Perhaps there is a social compact out there, somewhere, that would imply that religion can legitimately be coerced into participating in grave evil. The Constitutional compact, however, guarantees precisely the opposite.

      The case law on this is pretty thin, because, as far as I can tell, nothing similar to it has ever happened before. But, having read the Court’s unanimous holding in the recent Hosanna-Tabor case, I don’t think this mandate has a whelk’s chance in a supernova of surviving judicial challenge. That’s the silver lining here: offensive as the ruling may be, the only practical consequence is making President Santorum ten times more likely. (I say this as a Ron Paul backer.)

      Thanks for the cogent response. I think you’re dead wrong, but you took it on more directly and seriously than half a dozen New York Times columnists.

      • Adam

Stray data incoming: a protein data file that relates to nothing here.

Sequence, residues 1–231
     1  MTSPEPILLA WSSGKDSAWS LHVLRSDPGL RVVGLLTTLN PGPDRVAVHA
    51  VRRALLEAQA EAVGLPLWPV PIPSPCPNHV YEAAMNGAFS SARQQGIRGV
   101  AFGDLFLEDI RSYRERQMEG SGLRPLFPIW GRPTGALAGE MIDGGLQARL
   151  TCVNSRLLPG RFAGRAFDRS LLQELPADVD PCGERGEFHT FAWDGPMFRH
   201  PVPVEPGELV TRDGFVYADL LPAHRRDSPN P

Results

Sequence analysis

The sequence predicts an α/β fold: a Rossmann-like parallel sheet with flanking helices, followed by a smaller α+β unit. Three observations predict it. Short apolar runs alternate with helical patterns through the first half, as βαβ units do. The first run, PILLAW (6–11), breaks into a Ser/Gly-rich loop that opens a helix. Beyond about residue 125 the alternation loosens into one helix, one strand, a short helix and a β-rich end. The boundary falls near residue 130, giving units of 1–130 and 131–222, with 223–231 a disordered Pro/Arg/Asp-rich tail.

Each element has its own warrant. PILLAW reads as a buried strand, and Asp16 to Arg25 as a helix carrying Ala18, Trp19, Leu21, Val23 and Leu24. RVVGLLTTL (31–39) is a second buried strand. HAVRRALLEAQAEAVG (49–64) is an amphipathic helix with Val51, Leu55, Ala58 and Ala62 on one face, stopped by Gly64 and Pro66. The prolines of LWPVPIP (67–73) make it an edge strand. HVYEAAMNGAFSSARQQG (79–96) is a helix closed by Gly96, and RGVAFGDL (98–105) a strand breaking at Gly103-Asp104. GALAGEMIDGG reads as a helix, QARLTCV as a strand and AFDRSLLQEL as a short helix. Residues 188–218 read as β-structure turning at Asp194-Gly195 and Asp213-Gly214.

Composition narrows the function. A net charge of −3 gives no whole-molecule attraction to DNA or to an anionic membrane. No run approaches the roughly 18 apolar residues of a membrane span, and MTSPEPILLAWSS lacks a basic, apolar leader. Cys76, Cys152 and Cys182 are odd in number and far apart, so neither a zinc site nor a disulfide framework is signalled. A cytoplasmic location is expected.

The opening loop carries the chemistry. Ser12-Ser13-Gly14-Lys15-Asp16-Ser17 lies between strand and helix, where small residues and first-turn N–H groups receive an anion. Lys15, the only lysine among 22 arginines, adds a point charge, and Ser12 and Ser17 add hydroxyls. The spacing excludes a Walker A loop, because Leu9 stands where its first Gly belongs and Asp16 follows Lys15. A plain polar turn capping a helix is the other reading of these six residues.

I will say that I am confused as to how the Obama administration is handling this, however the end goal, of cheap-to-free healthcare for all is something I stand behind entirely. What I feel you overlook consistently (and I have a feeling that this is the irreconcilable difference between us) is that we’re working toward a sustainable societal structure here, something a long ways off from what we have currently and something where the “grave evils” of contraception are really important. I understand that you disagree with birth control, however i’m asking you to understand that this is a product of your upbringing, one I know first hand is of great privilege. For people who don’t have the ability to provide great homes for children it’s a much more responsible decision to not procreate. Should they be denied sex? I realize that you might say yes, so I’m just going to say that sex is a very important part of many people’s relationships, and yes contraception plays a part in loving, monogamous married relationships. Obama I believe has studied and consulted many resources and believes that by pressuring people to make contraception and sex education more available, we can attain a better standard of living, and I have to say I agree with him on this. Through this frame I see providing these things as part of a social pact, whether you want to use them is up to you, but education and access are the keys to power. They’re not part of the constitution, but I hope someday they will be.